Saturday, 21 May 2022

THREE PUPILS ELECTROCUTED

Three learners from Kweneng Primary School in Mangwe, Matabeleland South, were electrocuted Tuesday by collapsed electricity cables in an incident that villagers blame on the Zimbabwe Electricity Supply Authority (ZESA)’s negligence.

The cables are said to have been down since 2020 following the collapse of supporting poles and villagers say numerous reports made to ZESA about the matter have not yielded any fruit to date.

This is not the first time people in the area around Ingwizi have been electrocuted by the same cables as two more incidents have been recorded earlier.

The three learners (aged 8, 9, and 10) whose sexes could not be immediately established, are receiving treatment at the United Bulawayo Hospitals.

Matabeleland South provincial police spokesperson, Inspector Loveness Mangena confirmed the incident adding investigations were underway.

“The incident occurred on 17 May 2022 between 1300 to 1400 hours,” said Mangena.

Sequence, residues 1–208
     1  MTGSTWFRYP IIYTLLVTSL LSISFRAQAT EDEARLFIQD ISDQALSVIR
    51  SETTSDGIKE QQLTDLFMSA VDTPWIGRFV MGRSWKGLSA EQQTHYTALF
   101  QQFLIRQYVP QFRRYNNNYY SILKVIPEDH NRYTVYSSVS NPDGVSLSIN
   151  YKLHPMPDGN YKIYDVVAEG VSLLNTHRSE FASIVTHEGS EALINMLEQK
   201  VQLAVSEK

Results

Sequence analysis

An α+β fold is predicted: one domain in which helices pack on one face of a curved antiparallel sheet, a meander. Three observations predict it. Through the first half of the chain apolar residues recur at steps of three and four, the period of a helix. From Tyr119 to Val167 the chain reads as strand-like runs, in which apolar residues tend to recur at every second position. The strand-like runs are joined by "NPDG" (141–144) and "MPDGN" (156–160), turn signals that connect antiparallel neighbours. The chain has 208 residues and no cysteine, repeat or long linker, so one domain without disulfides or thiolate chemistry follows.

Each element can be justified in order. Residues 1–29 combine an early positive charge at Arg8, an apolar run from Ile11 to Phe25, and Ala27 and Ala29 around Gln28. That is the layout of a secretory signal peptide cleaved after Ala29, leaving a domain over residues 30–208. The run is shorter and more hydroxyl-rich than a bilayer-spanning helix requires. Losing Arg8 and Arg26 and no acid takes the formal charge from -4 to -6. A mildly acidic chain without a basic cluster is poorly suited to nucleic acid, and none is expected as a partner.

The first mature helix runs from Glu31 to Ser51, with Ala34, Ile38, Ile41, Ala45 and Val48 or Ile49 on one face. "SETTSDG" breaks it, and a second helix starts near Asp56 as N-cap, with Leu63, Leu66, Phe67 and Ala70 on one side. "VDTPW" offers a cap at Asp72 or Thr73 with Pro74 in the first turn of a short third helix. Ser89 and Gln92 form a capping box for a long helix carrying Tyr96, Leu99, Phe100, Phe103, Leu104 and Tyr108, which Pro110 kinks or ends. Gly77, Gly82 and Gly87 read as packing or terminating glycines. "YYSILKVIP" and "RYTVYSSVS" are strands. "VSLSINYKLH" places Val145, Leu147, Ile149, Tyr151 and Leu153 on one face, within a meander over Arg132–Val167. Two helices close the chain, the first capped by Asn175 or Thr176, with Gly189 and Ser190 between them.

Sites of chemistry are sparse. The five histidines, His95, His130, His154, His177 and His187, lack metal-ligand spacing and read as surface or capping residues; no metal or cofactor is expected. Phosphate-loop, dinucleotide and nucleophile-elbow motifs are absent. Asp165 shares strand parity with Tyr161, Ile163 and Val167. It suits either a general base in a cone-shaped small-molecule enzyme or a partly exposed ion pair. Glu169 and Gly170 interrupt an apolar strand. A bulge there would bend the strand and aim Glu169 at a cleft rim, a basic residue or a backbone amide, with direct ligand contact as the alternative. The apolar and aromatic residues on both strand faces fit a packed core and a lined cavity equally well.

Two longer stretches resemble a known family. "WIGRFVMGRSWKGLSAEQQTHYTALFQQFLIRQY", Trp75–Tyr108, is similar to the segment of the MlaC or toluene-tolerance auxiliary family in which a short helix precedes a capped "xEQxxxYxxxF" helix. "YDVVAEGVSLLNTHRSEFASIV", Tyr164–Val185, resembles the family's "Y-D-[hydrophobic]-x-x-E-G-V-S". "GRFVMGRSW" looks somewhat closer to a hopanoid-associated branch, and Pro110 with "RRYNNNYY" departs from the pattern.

“They (children) were coming from Kweneng Primary School on their way home. So along the way, they were electrocuted by two ZESA overhead cables that connect Ingwizi centre and Kweneng Primary School, which had fallen down. The case was reported to ZRP Mphoengs and the victims were ferried to Brunapeg Hospital where they were later transferred to UBH and their condition is said to be serious.”

Ingwizi villagers who spoke to CITE had no kind words for the power utility

“These cables have been lying down for more than two years now,” said one villager.

He said they had spoken to the ZESA person on the ground and even reached out to their provincial and regional offices in Gwanda and Bulawayo respectively to no avail.

“They have not been willing to help us,” he decried.

“In fact, this line from Gwanda to Ingwizi is a problem and these ZESA people do not want to help us.  These people are very negligent. Even here in Bulu, we have a line from Patse turn-off to Mphoengs, poles are also down.

He added: “We are sick and tired of these ZESA people. We have an electricity connection but it is as good as a useless white elephant. Once power lines fall, they come and dismantle to terminate the line and stay for a very long time without fixing the fault.”

ZESA public relations officer, Prisca Utete requested that questions be sent to her via WhatsApp, which was done, only for her to say, “Noted.”

However, when a follow-up was made she did not respond. CITE

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